Dementia and Alzheimer’s are serious illnesses that require much help from a person’s friends and family to manage. The baby boomer generation of our population is now the fastest growing group in the United States. As people live longer, dementia is increasingly likely to affect us directly or indirectly at some point in our lives. It is important to not only respect our loved one’s wishes to remain independent in their homes for as long as possible, but to also provide the type of care they need to successfully thrive.
When a loved one is diagnosed with dementia or other related disease, you may feel helpless as to how to help. Most seniors would choose to live out the reminder of their years independently in the comforts of their own home for as long as physically and financially possible. If you are chosen as the person your loved one counts on to make their senior care decisions, it is important to weigh the fact they would want to stay in their familiar environment. When it comes to choices for your loved one after a diagnosis of dementia or Alzheimer’s, you may feel limited to nursing homes or assisted living facilities. You may fear that such a change might lead your loved one to take a turn for the worse. And in many ways, changing their everyday environment would be a detriment to their overall wellbeing. So, with the option of relocating your newly diagnosed loved one to an assisted living facility being more of a last resort choice, you may ask yourself, what else can you do? Dementia and Alzheimer’s in home care by Senior Helpers of Chattanooga can most benefit your loved one. Research has shown that those who struggle with dementia related diseases like Alzheimer’s do extremely well within the comforts of their familiar environments. Routine and familiarity seems to breed a feeling of wellbeing and a generally better outlook on life for those afflicted with dementia. Your family will be assured they are receiving the type of expert care they require. By allowing your loved one to remain in their comfortable home, they may feel less stress that accompanies the dementia related diseases.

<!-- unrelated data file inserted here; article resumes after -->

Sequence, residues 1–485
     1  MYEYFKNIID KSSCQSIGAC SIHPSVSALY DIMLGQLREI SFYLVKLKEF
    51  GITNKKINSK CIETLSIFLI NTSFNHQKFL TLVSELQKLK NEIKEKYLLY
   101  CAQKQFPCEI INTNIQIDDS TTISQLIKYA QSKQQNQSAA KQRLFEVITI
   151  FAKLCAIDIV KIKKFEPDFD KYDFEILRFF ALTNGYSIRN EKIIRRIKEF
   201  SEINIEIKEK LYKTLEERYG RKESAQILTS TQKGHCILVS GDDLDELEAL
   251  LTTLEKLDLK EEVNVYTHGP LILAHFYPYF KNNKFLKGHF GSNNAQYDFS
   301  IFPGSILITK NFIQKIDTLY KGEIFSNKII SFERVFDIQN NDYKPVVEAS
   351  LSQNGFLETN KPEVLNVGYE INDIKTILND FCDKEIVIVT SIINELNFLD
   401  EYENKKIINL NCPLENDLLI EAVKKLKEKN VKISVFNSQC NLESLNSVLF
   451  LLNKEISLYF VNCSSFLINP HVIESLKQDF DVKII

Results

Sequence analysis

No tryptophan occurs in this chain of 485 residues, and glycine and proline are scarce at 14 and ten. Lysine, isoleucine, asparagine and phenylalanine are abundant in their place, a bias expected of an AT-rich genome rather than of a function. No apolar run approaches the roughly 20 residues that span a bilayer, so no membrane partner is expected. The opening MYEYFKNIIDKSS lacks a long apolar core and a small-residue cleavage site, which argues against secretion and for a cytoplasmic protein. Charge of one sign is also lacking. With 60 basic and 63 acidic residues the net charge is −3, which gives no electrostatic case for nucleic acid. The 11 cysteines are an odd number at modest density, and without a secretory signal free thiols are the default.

There is no need to pile the responsibilities of senior care solely on your shoulders. Activities of daily living might be more of a difficult task to manage for your loved one as they cope with their ever changing abilities. Dementia and Alzheimer’s affects many elderly people, especially after the age of eighty five years. Perhaps the person in your life that is in need of dementia and Alzheimer’s care is a parent. Many adult children struggle with the idea of hiring someone else to handle the personal care needs of their elderly parents. It is not uncommon for a spouse or children to feel that they have an impossible choice between being utterly overwhelmed, if they try to provide all the care, or feeling they are betraying their relative. This often leads to the care provider becoming exhausted. It is important to realize that outside help by professional caregivers from Senior Helpers of Chattanooga will allow you to spend quality time with your parents. A responsible caregiver who is expert in home dementia and Alzheimer’s care will tend to your loved one’s daily needs. To remove the demands of personal care from your to-do list will relieve some stress and you will be able to enjoy the time spent with your parents.
When a loved one is diagnosed with a dementia related disease like Alzheimer’s decisions regarding their senior care can be very difficult. Senior Helpers of Chattanooga provides the type of in home dementia and Alzheimer’s care that your loved one requires to remain independent in their own home with a customized care plan geared to their ability level. Caregivers from Senior Helpers of Chattanooga, Hixson, Cleveland, Ooltewah, Signal Mountain are experts in dementia and Alzheimer’s care. Senior Helpers of Chattanooga understand this tough situation and will work with you to create an individualized plan. For more information about dementia and Alzheimer’s in home care by Senior Helpers of Chattanooga, call 423-710-1500 to speak to a specialist today. You don’t have to face this difficult situation alone.